Follow these 8 Tips for Staying Sober on Vacation! Going on vacation is fun, but it can bring challenges to your sobriety. Being out of your normal routine can increase anxiety and make dealing with family dynamics and daily decisions about what to do and where to eat seem more difficult than usual. However, with proper planning and the right preparation, you will have fun, make new happy memories, and stay true to your commitment while on vacation.
Here are eight tips to help you stay sober on vacation.
Be Honest with Yourself
Before making solid plans, set your intentions regarding your sobriety. Always be honest with yourself. If you think you may have an ulterior motive for your vacation, such as having a drink on the plane or drinking or using drugs at a club, this is a sign of relapse behavior. Talk about your intentions with your sponsor, a trusted friend, or your counselor to get clear, honest feedback.
Set Vacation Goals
Think about your goals for your vacation. Are you vacationing alone, with family, or with friends? Do you want to visit a new location, experience a different culture, or take the family on an adventure? Do you want to rest and relax or stay busy with activity? How will you take care of yourself each day? What are some routines you could put in place to keep you focused on sobriety even as you are having fun?
Visualize Yourself on Vacation
Visualize yourself having fun and being happy without substances. Focus on what you want your vacation to feel like instead of focusing on your worries. To avoid worrying about relapse, have a plan in place for what you will do if cravings arise. Visualize yourself stepping away to take a break, call or text a sober friend, or shifting your attention to a fun activity. By visualizing a pleasant, substance-free vacation, you’ll be better prepared to handle any temptations that arise.
Know Your Relapse Triggers
Have an honest conversation about your relapse triggers with friends or family who will be part of your vacation. For example, if you always had a beer in the airport, plan to stop by a coffee shop for your favorite caffeinated drink, or have someone hold your money until you are on the airplane. By minimizing your exposure to triggers, you will feel stronger and more resilient if you encounter something unavoidable or unexpected.
Choose Your Destination Wisely
If possible, choose a destination and activities that do not include high-trigger events or places. For example, all-inclusive resorts, spring break locations, and cruises place a lot of emphasis on alcoholic beverages. Instead, choose activities and locations that are new to you. Try a restaurant with local cuisine, go snorkeling, visit local museums, or learn to ski. If you are visiting family, avoid going to places you associate with drinking or using drugs, such as a particular friend’s house or a favorite bar.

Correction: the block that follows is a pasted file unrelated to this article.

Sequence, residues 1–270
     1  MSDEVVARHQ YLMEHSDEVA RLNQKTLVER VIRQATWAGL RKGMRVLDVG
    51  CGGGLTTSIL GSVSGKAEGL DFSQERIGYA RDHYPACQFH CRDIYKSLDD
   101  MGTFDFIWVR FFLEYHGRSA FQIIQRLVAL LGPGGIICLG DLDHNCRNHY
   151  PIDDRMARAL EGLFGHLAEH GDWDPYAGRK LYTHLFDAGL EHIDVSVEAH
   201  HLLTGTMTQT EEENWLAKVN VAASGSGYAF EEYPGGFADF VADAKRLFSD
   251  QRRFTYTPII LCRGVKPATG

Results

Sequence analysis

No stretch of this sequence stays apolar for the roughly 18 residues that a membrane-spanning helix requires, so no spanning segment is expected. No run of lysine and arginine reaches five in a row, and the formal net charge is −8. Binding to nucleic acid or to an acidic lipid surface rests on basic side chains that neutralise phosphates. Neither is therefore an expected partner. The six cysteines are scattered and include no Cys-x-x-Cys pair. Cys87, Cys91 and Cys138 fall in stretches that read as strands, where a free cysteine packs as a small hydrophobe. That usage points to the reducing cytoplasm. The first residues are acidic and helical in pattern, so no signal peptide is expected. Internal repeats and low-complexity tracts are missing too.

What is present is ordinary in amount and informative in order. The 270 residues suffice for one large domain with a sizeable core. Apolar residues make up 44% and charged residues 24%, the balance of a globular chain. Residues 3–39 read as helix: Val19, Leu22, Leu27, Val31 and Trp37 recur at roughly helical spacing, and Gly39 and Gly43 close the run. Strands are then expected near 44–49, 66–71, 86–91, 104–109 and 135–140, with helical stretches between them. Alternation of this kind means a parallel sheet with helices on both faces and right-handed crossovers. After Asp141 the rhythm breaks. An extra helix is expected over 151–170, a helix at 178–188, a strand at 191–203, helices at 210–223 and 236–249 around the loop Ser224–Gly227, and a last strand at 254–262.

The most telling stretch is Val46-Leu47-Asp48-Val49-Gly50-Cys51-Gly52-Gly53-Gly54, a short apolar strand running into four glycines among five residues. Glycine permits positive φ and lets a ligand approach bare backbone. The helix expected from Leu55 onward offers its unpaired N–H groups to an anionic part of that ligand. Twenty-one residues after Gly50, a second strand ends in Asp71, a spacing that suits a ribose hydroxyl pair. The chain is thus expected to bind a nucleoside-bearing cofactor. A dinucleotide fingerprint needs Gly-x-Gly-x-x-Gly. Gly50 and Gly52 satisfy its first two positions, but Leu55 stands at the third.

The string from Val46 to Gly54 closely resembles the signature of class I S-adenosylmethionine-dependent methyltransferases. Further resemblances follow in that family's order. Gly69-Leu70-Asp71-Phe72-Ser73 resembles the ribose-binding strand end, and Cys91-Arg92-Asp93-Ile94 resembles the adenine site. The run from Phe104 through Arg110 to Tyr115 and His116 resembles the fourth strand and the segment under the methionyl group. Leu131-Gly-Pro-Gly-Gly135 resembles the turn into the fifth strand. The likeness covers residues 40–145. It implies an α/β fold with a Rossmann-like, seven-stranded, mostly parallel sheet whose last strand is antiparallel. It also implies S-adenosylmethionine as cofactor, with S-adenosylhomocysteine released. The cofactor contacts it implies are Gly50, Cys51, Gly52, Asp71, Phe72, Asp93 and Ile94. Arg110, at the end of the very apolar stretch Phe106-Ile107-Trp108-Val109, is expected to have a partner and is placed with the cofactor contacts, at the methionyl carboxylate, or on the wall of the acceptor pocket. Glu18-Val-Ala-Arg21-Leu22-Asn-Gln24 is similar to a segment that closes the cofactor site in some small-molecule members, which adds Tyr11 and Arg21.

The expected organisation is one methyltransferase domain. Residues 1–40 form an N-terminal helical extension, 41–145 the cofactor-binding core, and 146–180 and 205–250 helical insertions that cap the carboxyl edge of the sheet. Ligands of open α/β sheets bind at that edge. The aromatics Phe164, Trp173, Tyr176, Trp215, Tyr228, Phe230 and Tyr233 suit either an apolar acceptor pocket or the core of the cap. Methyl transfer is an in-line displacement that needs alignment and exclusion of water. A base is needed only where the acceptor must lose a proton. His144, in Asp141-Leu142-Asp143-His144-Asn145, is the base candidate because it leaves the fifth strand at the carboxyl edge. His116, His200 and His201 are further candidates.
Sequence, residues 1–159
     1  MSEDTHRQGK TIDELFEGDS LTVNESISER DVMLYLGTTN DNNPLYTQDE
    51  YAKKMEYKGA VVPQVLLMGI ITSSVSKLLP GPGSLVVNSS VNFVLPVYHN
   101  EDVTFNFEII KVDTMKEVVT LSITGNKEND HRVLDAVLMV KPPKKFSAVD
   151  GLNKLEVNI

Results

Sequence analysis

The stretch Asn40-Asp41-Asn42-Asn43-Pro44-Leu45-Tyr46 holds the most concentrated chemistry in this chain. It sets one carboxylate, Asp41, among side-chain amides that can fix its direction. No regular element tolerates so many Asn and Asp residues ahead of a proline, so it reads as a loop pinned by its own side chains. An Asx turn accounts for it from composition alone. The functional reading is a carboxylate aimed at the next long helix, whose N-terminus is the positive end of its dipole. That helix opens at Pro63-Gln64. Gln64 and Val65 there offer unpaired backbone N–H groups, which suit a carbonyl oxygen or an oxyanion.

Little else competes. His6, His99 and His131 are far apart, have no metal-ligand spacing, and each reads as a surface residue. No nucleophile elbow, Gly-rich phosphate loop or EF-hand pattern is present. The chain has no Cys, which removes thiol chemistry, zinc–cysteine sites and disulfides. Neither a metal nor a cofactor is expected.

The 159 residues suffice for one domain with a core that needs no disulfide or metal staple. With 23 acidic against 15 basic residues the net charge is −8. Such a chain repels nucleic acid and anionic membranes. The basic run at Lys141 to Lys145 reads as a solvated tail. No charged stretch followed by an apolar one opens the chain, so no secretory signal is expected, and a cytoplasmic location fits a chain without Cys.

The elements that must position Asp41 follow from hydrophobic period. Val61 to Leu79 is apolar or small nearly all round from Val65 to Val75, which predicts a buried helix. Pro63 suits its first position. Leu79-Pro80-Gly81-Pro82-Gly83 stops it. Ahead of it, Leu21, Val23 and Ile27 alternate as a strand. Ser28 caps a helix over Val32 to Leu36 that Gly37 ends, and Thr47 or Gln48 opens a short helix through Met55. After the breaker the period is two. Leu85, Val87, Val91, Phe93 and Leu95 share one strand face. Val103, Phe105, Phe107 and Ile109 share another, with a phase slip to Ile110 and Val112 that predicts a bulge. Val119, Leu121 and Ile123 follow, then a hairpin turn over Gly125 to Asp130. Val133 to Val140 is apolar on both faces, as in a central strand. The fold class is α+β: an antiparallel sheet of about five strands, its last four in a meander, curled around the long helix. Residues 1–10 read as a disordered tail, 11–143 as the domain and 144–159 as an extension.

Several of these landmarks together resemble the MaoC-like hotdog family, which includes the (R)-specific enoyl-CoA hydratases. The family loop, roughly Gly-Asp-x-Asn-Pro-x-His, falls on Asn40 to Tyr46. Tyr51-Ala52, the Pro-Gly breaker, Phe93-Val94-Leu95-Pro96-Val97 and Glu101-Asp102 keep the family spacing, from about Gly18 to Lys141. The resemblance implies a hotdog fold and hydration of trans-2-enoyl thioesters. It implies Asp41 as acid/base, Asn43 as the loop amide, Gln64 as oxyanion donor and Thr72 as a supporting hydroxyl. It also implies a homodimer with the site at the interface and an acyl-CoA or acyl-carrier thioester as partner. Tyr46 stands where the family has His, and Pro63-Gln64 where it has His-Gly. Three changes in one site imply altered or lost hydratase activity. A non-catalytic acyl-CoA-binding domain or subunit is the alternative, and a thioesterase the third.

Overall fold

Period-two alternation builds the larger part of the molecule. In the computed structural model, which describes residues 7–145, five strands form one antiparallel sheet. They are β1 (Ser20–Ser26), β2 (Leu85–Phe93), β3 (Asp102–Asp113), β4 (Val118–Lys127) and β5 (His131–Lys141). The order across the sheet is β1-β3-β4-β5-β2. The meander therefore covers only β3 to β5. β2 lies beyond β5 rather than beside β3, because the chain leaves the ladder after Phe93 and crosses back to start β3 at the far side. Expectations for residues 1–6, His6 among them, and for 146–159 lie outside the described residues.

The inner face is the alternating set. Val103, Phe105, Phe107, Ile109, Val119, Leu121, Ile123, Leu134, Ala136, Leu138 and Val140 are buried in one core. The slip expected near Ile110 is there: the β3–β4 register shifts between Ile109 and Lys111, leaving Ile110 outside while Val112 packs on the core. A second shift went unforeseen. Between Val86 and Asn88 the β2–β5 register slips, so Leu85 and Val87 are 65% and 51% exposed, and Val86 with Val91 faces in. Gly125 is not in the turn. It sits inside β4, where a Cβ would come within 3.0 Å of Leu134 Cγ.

Stay Connected to Your Support System
It is essential to stay connected to your support system while on vacation. Call your sponsor or a trusted friend if you feel like you are in a bad situation or just to let them know you are doing okay. Stay connected by going to a 12-Step meeting where you are vacationing. Have coffee with a member you meet there and ask them to recommend places and activities in the area.
Make Your Go-To Drink a Local Non-Alcoholic Beverage
Many big cities in the United States have an alcohol-free drink unique to the area. Find out what it is and make it your drink of choice as you explore the city. If you find yourself in a place without a specialty drink, decide what drink to fall back on. Iced tea, lemonade, club soda, tonic water? Choose a drink that is easily accessible and that will feel safe and comforting.
Pack Your Recovery Toolbox
When you go on vacation, make sure you “pack” your recovery toolbox. If you like to read, make sure your iPad or tablet has your favorite recovery books. Create a playlist of your favorite motivational songs. Check that your favorite recovery podcasts and apps are on your phone. Pack your journal and a notebook to record your vacation experiences. Take all of the resources that work for you with you on your vacation. They will support your recovery and help maintain your sobriety.
Help is Available
If you or someone you love struggles with addiction to alcohol or drugs, we can help. Call and speak to a caring professional at Anabranch Recovery Center in Terre Haute, Indiana. We will put your mind at ease and help you decide what level of care will work best for you.
About the Author:
Terry Hurley is a retired educational professional and freelance writer with more than fifty years of experience. A former reading specialist and learning center director, Terry loved her years working with children in the educational field. She has written extensively for print and online publications specializing in education and health issues. For the last six years, her writing focus has been on addiction and mental health issues.